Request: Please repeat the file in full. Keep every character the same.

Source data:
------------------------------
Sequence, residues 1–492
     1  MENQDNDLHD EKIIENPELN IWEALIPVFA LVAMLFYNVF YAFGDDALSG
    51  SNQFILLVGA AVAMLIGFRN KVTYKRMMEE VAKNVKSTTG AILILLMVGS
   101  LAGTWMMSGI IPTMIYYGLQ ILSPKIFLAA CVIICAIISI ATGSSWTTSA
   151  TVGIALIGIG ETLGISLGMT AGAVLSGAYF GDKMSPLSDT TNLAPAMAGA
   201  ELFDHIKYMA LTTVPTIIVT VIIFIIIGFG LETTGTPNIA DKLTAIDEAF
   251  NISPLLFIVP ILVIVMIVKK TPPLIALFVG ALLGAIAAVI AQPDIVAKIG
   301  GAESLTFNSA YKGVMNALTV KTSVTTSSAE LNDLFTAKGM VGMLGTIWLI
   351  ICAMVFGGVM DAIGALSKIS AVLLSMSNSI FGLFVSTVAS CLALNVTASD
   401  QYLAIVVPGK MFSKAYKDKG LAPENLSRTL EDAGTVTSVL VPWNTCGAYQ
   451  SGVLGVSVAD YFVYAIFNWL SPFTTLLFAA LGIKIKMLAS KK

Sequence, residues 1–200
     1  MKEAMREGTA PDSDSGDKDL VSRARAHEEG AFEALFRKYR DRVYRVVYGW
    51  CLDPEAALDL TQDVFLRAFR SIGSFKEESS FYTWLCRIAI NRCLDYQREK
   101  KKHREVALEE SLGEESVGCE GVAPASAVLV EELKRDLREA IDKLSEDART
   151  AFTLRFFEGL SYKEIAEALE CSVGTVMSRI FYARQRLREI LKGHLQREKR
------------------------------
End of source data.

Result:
Sequence, residues 1–492
     1  MENQDNDLHD EKIIENPELN IWEALIPVFA LVAMLFYNVF YAFGDDALSG
    51  SNQFILLVGA AVAMLIGFRN KVTYKRMMEE VAKNVKSTTG AILILLMVGS
   101  LAGTWMMSGI IPTMIYYGLQ ILSPKIFLAA CVIICAIISI ATGSSWTTSA
   151  TVGIALIGIG ETLGISLGMT AGAVLSGAYF GDKMSPLSDT TNLAPAMAGA
   201  ELFDHIKYMA LTTVPTIIVT VIIFIIIGFG LETTGTPNIA DKLTAIDEAF
   251  NISPLLFIVP ILVIVMIVKK TPPLIALFVG ALLGAIAAVI AQPDIVAKIG
   301  GAESLTFNSA YKGVMNALTV KTSVTTSSAE LNDLFTAKGM VGMLGTIWLI
   351  ICAMVFGGVM DAIGALSKIS AVLLSMSNSI FGLFVSTVAS CLALNVTASD
   401  QYLAIVVPGK MFSKAYKDKG LAPENLSRTL EDAGTVTSVL VPWNTCGAYQ
   451  SGVLGVSVAD YFVYAIFNWL SPFTTLLFAA LGIKIKMLAS KK

Sequence, residues 1–200
     1  MKEAMREGTA PDSDSGDKDL VSRARAHEEG AFEALFRKYR DRVYRVVYGW
    51  CLDPEAALDL TQDVFLRAFR SIGSFKEESS FYTWLCRIAI NRCLDYQREK
   101  KKHREVALEE SLGEESVGCE GVAPASAVLV EELKRDLREA IDKLSEDART
   151  AFTLRFFEGL SYKEIAEALE CSVGTVMSRI FYARQRLREI LKGHLQREKR